Updated Aug. 13, 2018
The flame sensor is a safety device designed to prevent the unnecessary flow of gas from the furnace unit. It's essentially a confirmation mechanism. When a furnace's main burners ignite, the sensor picks up the heat and signals the main furnace control board that it's ok to allow that main burner to stay on. In the event the main burners don't light, however, the sensor signals the board that there's no need for the gas valve to be open, thus eliminating unnecessary gas from being released into a home's air supply.
Types Of Flame Sensors
Differences are few among flame sensors. Most look like straight pencils, though some--such as ProTech models--are L shaped. Beyond that, the only fundamental differences are lengths of the sensor itself and the porcelain housing.
Replacing A Flame Sensor
The actual replacement of the flame sensor is very easy, as it's just a rod held in place by a screw or two. However, it's important to make sure that what you need is to replace the sensor rather than simply to clean it.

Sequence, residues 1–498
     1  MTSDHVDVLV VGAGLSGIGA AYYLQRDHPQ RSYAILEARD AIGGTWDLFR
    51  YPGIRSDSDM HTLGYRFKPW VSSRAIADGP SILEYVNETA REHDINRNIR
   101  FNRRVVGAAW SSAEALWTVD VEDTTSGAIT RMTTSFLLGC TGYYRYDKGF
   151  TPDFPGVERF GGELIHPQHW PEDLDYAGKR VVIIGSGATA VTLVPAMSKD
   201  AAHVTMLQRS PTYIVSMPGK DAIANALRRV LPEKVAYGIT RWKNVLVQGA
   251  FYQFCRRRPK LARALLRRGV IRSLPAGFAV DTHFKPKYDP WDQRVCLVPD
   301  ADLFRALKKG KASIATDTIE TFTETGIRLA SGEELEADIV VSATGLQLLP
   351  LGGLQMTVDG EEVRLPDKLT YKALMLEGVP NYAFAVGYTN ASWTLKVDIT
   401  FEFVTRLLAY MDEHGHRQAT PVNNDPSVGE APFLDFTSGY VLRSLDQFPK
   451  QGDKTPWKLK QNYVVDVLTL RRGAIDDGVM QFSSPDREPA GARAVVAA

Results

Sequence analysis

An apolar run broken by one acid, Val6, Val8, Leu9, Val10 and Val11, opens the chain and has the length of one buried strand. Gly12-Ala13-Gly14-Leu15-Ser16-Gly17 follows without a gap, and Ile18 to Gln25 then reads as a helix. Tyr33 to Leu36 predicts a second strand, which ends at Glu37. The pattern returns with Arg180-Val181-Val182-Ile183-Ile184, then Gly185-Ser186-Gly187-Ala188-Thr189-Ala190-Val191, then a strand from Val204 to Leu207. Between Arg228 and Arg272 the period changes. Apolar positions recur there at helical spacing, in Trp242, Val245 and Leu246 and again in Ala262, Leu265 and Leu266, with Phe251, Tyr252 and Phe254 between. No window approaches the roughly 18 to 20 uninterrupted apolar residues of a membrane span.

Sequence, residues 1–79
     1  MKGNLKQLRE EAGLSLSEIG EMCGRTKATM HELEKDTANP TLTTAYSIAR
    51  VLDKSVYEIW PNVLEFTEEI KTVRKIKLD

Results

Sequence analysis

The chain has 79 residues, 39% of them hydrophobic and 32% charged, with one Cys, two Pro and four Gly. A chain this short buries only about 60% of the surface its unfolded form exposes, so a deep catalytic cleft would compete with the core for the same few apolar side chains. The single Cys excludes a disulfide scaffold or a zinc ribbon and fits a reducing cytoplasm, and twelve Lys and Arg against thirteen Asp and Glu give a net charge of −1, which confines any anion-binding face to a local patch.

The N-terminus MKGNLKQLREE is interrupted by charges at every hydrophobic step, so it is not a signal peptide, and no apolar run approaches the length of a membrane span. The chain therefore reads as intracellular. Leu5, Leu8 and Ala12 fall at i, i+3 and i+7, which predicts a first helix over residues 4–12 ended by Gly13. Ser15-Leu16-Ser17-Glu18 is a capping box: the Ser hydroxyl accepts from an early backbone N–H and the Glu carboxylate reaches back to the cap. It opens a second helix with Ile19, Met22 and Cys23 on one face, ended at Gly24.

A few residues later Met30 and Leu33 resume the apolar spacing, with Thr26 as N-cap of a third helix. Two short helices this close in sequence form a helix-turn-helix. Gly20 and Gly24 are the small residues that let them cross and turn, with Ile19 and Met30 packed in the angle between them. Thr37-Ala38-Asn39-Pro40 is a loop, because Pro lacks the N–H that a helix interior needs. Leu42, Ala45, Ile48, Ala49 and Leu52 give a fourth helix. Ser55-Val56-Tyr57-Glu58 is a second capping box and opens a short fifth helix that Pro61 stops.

Consider this scenario: The main burner ignites, stays on for about 8 seconds, and then shuts off. The ignition sequence is attempted again, and the failure repeats. Upon a third attempt, the furnace locks down, in which case the only way to get the system out of lockout is to flip the power switch off and on. Everything restarts and the burners remain unlit. It would be easy to view this as an ignition problem, but it has nothing to do with the igniter.
Check the sensor to see if it's cracked (usually occurring on the porcelain portion). If that's not the problem, clean the sensor. Experts agree that in an overwhelming majority of cases, this will do the trick.
Over time, sensors can become engulfed in a light coating of burned-in dust and dirt. When these particles are burned into the sensor, they produce a coating that prevents the sensor from accurately gauging the heat of the flame. With the power to the furnace turned off, sensors may be removed and cleaned with a light sand cloth, emery cloth or steel wool.
Who Makes Flame Sensors?
Many companies make flame sensors. A nonexhaustive list includes: